From a consumer and healthcare perspective, Union Budget 2021 has a lot of positives. On the healthcare side, COVID-19 pandemic had brought to light India’s underspend in healthcare. Budget 2021 has done well by allocating over Rs 2 trillion holistically towards the health sector, a handsome increase of 137 percent.
Union Budget 2021 has endeavoured to get India back on track as the world’s fastest-growing major economy by boosting spending on job-creation and rural development while fighting a pandemic.
The first budget of the decade is historical in many ways — raising resources without raising taxes. Probably one of the very few budgets, at least in my recollection, that has kept the tax structure or tax rates intact. That too when the economy needs spends to pump prime its growth.
The government seems to have adapted to the Modern Monetary Theory in enhancing its debt to finance the much-needed spending on key areas that the economy needs – health, infrastructure, manufacturing, agriculture, financial sector and education. It is important to note though that the debt is not for consumption, but towards capital formation to contribute to future growth.
From a consumer and healthcare perspective, we believe this budget has a lot of positives. On the healthcare side, the COVID-19 pandemic had brought to light the country’s underspend in healthcare. Budget 2021 has done well by allocating over Rs 2 trillion holistically towards the health sector, a handsome increase of 137 percent. While arguably an outcome of ‘saliency bias’, it is high time that India’s healthcare gets the centrestage that even the Economic Survey opined it deserves.
The spends encompass, other than necessary vaccines and other health initiatives, settingup Integrated Public Health labs in all districts, developing capacities of primary, secondary and tertiary care health systems in the form of PM AtmanirbharSwasth Bharat Yojana, which would be in addition to the National Health Mission.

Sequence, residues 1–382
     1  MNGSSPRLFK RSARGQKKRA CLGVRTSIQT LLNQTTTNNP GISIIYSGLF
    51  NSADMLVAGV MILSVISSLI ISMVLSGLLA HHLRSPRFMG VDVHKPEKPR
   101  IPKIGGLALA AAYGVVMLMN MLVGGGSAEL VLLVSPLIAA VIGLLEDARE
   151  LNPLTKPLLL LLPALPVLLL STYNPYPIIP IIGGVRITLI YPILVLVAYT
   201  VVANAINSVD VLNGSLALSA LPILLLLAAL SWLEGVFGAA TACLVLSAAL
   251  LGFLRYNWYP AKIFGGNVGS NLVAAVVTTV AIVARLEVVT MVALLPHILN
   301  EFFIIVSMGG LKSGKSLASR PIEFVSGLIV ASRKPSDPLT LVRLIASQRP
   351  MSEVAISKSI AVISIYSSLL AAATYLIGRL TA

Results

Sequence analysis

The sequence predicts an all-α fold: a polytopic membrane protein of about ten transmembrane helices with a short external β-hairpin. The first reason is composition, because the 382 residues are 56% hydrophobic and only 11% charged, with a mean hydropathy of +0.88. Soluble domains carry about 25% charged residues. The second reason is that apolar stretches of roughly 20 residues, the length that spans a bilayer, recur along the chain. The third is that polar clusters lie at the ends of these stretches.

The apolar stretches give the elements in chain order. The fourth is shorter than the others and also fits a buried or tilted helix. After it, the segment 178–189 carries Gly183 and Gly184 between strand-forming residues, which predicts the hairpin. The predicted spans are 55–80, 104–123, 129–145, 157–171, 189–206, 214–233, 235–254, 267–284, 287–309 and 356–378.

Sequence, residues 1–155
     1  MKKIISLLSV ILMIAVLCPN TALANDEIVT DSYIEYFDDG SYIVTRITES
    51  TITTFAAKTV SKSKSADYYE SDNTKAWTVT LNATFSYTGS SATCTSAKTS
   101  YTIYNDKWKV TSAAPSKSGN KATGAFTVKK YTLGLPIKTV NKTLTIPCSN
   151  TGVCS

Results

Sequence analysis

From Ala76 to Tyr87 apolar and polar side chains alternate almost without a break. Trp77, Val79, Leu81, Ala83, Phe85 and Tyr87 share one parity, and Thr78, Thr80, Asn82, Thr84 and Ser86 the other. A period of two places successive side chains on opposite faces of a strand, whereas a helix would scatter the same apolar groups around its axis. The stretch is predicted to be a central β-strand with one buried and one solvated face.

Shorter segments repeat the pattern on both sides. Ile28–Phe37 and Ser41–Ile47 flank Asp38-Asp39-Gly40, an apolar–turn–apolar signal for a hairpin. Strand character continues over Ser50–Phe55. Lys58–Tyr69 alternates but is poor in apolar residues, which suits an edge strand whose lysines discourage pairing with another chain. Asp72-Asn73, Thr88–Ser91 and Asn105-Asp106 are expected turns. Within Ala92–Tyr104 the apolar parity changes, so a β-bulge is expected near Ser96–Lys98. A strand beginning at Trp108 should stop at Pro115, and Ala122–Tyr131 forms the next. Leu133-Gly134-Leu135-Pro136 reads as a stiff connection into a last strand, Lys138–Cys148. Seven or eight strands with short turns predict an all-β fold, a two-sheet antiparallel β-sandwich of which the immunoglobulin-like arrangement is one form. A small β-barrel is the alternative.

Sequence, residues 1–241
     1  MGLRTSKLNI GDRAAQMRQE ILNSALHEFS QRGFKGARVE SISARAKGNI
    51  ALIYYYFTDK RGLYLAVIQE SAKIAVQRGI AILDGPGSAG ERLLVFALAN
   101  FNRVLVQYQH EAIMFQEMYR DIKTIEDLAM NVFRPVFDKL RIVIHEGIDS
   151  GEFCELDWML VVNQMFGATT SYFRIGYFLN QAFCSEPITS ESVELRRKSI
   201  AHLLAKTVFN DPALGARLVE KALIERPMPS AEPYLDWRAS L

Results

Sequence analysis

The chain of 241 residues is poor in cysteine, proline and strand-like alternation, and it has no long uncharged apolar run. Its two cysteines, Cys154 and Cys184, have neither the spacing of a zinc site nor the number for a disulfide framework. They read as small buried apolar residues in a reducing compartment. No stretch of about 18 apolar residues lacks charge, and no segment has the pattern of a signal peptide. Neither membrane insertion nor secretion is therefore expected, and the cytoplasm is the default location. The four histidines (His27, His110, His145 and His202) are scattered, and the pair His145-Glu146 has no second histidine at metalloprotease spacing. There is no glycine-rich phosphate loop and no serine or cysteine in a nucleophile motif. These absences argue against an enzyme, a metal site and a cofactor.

The government has also smartly announced a timely increase in the FDI in insurance to 74 percent, which would significantly augment the health insurance and help overcome the under penetration in the space.
On the consumer side, the biggest positive is no change in taxes, especially the widely expected ‘COVID tax’. The consumer sector will also hugely benefit indirectly from the capital expenditure largesse.
The government has announced a spend of capital expenditure of over Rs 5.5 trillion for BE21-22, an increase of 26 percent from RE20-21. These spends would tantamount to almost 2.5 percent of the GDP. Infrastructure wise, the government has walked a delicate balance of bulking up the National Infrastructure Pipeline on one hand and creating financing resources such as the Development Financing Institution, asset monetisation and easing taxation in InvITs, on the other.
The government has also demonstrated aggression for the manufacturing sector, specially 13 key sectors, through the AtmaNirbhar Bharat – Production Linked Incentive scheme (PLI) to boost India’s manufacturing to become an integral part of the global supply chain while possessing core competency and cutting-edge technology. The government has committed almost Rs 2 trillion towards manufacturing for five years starting FY21.
A substantial amount of focus towards infrastructure, manufacturing will likely spawn employment and job creation – which will result in an indirect increase in the consumption.
Consumption will also get an impetus through the focus on the eural economy which would be the direct beneficiary of the increase in agricultural credit, higher allocation towards the Rural Infrastructure Fund and Micro Irrigation Fund.
A large part of the financing that the Budget is targeting is also from divestment, which would essentially mean that the stock market and the investor sentiment should remain buoyant. A buoyant stock market would also mean adding to the “Wealth effect” which in turn will contribute to the increased consumer spends going forward.
Kudos to the Finance Minister and the government for coming out with an immaculate Budget to cater to the needs of the economy. It would hardly be a surprise if the V-shaped recovery we are all witnessing in the economy turns into a swoosh.
The author is the Managing Director, Equirus Capital
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